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The fact that this started as a web series made for almost no money should inspire writers to go out and experiment and find their voices in any way they can.
5. The George Lopez Show (2002-2007)
Created by Bruce Helford, Robert Borden, and George Lopez, this show was groundbreaking simply by depicting a Latine middle-class family. The show had comedian George Lopez star as a Los Angeles manufacturing plant manager attempting to deal with his wacky family through random mishaps.
It felt just like a regular sitcom that happened to have an all-Latine cast.
The stories did revolve around the usual stereotypes around Hispanic and Latine people; immigration or jail, however, the show primarily told regular everyday stories about family, raising kids, working, and navigating a marriage.
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6. Will & Grace (1998-2020)
Created by David Kohan and Max Mutchnichk, this show is about a gay lawyer Will and a straight interior designer Grace who share a New York City apartment.
Will & Grace originally went off the air in 2006 only to get a reboot in 2017 that began as if the show had never ended.
Since the final episode of the 1998–2006 run aired, the sitcom has been credited with helping and improving public opinion of the LGBT community, with then U.S. Vice President Joe Biden commenting that the show “probably did more to educate the American public” on LGBT issues “than almost anything anybody has ever done so far.” By simply showing gay people living their lives, dating, and looking for love, this show was groundbreaking.
7. One Day at the Time (2017-2020)
This reboot of the 1975 sitcom with the same title follows three generations of the same Cuban-American family living in the same house: a newly divorced former military mother, her teenage daughter, her tween son, and her old-school mother.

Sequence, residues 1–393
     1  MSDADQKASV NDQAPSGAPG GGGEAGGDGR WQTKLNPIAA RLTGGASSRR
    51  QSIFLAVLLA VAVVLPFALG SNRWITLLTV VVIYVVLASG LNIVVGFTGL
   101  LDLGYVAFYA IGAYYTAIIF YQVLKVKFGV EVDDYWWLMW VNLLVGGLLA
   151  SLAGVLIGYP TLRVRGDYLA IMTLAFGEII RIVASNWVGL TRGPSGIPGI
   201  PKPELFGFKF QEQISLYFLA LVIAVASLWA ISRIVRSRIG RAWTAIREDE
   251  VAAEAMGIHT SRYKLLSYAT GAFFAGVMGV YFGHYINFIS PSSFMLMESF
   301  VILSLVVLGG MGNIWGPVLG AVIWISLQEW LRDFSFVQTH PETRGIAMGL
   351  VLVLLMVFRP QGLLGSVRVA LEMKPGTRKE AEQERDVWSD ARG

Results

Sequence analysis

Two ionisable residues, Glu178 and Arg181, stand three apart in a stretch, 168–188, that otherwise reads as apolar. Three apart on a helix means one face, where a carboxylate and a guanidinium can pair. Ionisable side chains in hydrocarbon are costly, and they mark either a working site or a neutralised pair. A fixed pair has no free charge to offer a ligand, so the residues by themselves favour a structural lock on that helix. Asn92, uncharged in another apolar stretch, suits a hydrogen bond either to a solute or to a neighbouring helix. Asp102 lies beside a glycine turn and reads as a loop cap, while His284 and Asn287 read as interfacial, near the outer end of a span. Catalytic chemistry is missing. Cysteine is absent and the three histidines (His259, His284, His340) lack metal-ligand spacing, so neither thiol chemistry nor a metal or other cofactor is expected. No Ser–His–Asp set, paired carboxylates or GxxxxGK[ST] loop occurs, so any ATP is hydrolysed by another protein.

The 1975 version of the show was created by Whitney Blake and Allan Manings and the 2017 version was developed by Gloria Calderon Kellet and Mike Royce with iconic television producer Norman Lear as Executive Producer.
The original family in 1975 was all white, so having the reboot be about a Latine family made it all new, fresh, and current. The show also stars Rita Moreno as the family’s matriarch, proving that Moreno is as timeless as the show. One Day at a Time tackled racism, PTSD in the military, and LGBT+ sexuality in honest and real ways while also delivering laughs and paying homage to the original show. If only it had lasted longer.
8. Seinfeld (1989-1998)
The famous “show about nothing!” There’s definitely a reason for Seinfeld being considered one of the best sitcoms of all time.
Created by Larry David and Jerry Seinfeld, this show was once known as the show about nothing. Seinfeld leaned on misunderstandings for plot and portrayed life in New York City as a single young person without many responsibilities. The show is about the continuing misadventures of neurotic New York City stand-up comedian Jerry Seinfeld and his equally neurotic New York City friends. Seinfeld broke ground by having the famous bottle episode, “The Chinese Restaurant.” The episode also takes place in real-time as the gang waits for their table to be ready.